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A plaintiff sued Wal-Mart for injuries she sustained at one of Wal-Mart’s stores while acting within the course and scope of her employment with Acosta, Inc. The trial court found Wal-Mart liable for the plaintiff’s injuries. Under California Labor Code sections 3852 and 3856, appellant Hartford Accident & Indemnity Company (Hartford) applied for a lien on the plaintiff’s judgment to obtain reimbursement for the California workers’ compensation benefits it paid her. Although the judgment included compensation for her medical expenses, it did not include compensation for her lost wages. The court granted Hartford a lien on the judgment but reduced the lien amount.

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In August 2012, the plaintiff was working for Acosta when she fell and injured herself on Wal-Mart’s premises. Hartford was Acosta’s workers’ compensation insurer and paid the victim more than $152,000 in benefits, including more than $115,000 in medical expenses and roughly $37,000 in temporary disability indemnity for her lost wages.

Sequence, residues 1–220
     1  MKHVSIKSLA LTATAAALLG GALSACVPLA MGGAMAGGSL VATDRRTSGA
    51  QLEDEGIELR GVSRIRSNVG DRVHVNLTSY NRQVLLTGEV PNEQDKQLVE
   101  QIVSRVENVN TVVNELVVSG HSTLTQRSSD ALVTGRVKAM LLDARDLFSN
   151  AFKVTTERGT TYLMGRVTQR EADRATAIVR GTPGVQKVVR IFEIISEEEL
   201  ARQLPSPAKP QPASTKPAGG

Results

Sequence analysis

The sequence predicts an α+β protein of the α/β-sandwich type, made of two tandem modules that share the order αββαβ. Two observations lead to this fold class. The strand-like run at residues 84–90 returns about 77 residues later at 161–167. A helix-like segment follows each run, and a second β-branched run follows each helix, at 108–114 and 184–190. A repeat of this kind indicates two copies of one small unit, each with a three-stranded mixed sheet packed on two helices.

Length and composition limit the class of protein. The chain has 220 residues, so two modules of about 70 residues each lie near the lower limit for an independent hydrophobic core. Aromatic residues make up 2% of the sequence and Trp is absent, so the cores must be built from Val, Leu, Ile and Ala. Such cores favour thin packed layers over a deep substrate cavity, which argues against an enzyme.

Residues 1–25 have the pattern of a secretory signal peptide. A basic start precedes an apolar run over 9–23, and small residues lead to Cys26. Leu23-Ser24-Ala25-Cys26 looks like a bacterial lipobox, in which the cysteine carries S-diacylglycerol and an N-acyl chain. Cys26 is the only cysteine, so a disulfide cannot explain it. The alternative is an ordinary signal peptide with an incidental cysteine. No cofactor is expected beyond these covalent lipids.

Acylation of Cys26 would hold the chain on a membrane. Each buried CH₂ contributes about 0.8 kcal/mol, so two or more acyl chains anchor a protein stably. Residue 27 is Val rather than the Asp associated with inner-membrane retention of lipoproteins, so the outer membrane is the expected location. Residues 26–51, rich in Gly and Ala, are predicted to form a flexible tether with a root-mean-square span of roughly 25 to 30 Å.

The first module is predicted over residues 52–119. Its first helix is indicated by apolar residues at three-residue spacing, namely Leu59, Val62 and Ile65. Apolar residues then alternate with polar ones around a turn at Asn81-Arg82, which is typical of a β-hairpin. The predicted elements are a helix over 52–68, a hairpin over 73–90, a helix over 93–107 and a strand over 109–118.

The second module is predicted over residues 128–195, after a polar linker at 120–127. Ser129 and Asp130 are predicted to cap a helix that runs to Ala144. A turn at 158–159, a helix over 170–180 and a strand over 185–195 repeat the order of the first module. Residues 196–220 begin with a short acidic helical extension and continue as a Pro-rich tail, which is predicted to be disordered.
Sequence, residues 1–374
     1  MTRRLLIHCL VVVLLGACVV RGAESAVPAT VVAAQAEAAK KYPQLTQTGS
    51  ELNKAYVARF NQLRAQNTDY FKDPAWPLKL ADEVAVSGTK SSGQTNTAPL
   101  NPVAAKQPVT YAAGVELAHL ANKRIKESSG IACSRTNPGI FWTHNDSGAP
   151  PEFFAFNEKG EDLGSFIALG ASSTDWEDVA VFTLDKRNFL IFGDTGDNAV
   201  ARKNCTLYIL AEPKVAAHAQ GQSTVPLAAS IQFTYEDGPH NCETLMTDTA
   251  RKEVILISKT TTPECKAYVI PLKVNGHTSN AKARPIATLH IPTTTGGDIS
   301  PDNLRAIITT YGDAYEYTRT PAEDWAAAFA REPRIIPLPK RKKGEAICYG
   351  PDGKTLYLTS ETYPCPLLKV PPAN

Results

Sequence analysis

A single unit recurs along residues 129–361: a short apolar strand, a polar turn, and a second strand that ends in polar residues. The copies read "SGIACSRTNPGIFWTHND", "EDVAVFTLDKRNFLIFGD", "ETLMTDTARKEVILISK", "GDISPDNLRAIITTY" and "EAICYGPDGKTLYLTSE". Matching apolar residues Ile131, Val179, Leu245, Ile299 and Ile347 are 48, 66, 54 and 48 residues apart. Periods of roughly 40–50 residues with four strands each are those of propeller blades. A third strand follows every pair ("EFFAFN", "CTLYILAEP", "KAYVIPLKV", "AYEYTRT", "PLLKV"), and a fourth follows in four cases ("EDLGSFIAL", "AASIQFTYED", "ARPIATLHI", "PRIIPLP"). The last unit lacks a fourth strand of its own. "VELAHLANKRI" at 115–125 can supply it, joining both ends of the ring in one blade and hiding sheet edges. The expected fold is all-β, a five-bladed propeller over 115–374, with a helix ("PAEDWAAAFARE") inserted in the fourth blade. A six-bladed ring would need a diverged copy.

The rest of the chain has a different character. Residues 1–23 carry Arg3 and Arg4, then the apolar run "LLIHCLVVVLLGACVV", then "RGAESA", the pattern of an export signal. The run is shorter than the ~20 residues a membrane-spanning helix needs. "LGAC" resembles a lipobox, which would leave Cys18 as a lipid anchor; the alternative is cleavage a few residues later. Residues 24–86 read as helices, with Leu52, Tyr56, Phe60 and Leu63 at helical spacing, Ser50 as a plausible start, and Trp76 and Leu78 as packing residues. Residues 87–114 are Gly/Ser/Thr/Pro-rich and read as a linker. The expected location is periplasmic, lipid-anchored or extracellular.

In July 2014, following a three-day bench trial, the court found Wal-Mart 100 percent at fault and entered judgment against Wal-Mart for $355,000, including $178,000 in past medical expenses, $102,000 in future medical expenses, and $75,000 in past and future pain and suffering. Although the complaint sought lost wages and earning capacity, the court did not award her damages for these items because she did not ask for them at trial.

A plaintiff was hit by a car as he crossed a street between defendant Grace Family Church and the church’s parking lot. He sued the church for negligence, alleging that the church was negligent in breaching its duty of care to help him safely cross the street. The trial court granted the church’s motion for summary judgment. The Third District Court of Appeal reversed the trial court’s decision in this California premises liability case, and last month, the California Supreme Court reversed the appeals court’s decision and remanded the case.